Top Five Tips on Breastfeeding from BTC Resident Feeding Expert
One of the biggest causes for concern amongst our parents-to-be at Bump to Cradle is undoubtedly breastfeeding. The hows, whens, wheres and what ifs spiral out of control and the myriad of information from less than reliable sources out there on Dr. Google (and amongst all groups of mothers everywhere) can seem like a mine field.
So we asked our resident feeding guru Liz Brierley to give us (and now you) her top five tips for establishing feeding your newborn. You’re welcome.
Have a realistic plan of action when in comes to your feeding objectives. In a similar way to a birth plan, having a feeding plan prior to the birth of your baby can be a great way to manage your expectations and relieve some pressure in those first few hours. Whether it is having a back-up plan to give a bottle of formula/expressed breastmilk if things aren't going according to plan in the first few days, or planning when your partner can give a bottle - it can all help in those first few days.
If you are planning on breastfeeding, getting the latching and positioning right from the start is so important. You should be in minimal pain (although there may be some pain at the start of the feed but this should diminish after about 20 seconds or so) and your baby should be drinking effectively i.e. with audible swallows and no dimples in the cheeks. If you're in any doubt in those first few days seek some support straight away from your midwife or a lactation consultant.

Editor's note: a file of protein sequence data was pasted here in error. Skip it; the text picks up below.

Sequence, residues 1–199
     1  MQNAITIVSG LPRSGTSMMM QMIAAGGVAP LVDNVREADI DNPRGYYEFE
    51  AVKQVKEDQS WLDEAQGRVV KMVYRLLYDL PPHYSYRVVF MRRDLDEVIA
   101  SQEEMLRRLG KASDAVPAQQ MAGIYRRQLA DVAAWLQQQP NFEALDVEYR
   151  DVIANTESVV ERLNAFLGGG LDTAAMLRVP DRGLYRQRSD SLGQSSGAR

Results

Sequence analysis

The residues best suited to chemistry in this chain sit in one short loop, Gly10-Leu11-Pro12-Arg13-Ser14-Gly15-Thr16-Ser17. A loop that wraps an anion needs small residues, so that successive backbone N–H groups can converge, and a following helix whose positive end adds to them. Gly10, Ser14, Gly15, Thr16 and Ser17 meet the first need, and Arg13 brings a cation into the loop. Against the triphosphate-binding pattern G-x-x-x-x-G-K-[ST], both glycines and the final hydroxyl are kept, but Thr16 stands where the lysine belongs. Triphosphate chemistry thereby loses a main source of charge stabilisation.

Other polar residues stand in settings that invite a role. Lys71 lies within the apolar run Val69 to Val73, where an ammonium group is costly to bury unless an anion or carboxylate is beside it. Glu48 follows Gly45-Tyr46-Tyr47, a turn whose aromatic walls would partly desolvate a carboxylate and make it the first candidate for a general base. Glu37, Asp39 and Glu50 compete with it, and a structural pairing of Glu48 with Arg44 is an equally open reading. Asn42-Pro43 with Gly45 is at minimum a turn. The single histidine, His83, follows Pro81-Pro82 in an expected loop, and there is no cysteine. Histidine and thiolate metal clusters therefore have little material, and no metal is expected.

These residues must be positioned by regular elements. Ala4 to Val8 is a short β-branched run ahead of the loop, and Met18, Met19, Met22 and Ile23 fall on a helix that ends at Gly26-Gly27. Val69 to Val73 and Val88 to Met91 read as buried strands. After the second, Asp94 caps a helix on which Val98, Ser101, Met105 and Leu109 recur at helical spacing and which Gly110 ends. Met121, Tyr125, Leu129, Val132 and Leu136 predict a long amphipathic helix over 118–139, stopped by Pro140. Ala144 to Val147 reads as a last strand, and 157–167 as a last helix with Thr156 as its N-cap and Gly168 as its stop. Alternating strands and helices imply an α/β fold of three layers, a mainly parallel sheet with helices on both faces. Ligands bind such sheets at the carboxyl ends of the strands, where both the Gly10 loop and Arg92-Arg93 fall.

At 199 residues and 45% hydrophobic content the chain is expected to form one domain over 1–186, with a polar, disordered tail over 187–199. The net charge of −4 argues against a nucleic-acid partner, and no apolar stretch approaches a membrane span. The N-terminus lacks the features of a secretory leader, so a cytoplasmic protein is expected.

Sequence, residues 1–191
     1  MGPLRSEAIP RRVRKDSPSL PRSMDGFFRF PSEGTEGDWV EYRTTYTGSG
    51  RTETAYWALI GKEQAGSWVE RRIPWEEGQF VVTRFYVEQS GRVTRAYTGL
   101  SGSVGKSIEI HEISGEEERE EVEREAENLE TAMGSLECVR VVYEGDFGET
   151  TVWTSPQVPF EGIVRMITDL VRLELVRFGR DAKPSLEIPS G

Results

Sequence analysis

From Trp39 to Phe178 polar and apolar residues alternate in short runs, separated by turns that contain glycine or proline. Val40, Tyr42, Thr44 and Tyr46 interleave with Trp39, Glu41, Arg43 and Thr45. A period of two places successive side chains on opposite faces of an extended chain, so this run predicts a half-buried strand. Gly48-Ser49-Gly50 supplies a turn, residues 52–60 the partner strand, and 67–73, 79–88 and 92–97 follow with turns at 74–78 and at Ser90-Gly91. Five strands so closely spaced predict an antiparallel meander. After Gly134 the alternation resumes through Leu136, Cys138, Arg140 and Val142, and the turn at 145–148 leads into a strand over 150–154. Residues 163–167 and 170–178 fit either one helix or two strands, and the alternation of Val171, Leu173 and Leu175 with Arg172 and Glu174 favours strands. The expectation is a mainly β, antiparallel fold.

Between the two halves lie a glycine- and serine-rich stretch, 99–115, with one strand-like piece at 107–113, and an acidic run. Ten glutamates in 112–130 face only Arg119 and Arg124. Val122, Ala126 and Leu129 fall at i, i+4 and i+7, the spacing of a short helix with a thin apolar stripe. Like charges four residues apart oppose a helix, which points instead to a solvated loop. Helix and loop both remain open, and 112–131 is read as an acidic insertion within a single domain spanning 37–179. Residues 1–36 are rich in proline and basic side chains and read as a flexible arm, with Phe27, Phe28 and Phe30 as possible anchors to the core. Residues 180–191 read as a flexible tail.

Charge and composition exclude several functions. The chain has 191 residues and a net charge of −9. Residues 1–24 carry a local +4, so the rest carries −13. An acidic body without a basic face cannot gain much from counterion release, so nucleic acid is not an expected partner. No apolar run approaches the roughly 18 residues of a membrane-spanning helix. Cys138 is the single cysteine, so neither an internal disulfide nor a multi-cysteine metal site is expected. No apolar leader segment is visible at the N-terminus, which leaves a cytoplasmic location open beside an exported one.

If you are planning to give some bottles (expressed breastmilk or formula) don't leave it too late. Babies have a very strong sucking reflex which diminishes the older they get. If you are confident that breastfeeding is going well your partner can give a bottle from about 4-6 weeks. This can be a your ticket to an early night and a wonderful way for your partner to bond with your baby.
Be prepared - before you feed your baby set up a 'breastfeeding station' - you will be spending quite a lot of hours in a day feeding especially in those first few weeks so make sure there is somewhere in your home set up which is comfortable. Keep a glass of water close to you, some pillows so you can support your hand/arm whilst you hold your baby, have your phone/book/kindle available if need be.
Remember like any new skill breastfeeding can take some time to master, not only for you but your baby too. It can take up to 6 weeks before you really feel 100% confident and this is normal. Don't be hard on yourself, although breastfeeding is 'natural' it can be hard at times and it can feel like there is a lot to remember in terms of positioning and latching so be kind to yourself and ask for help if you feel like something isn't right....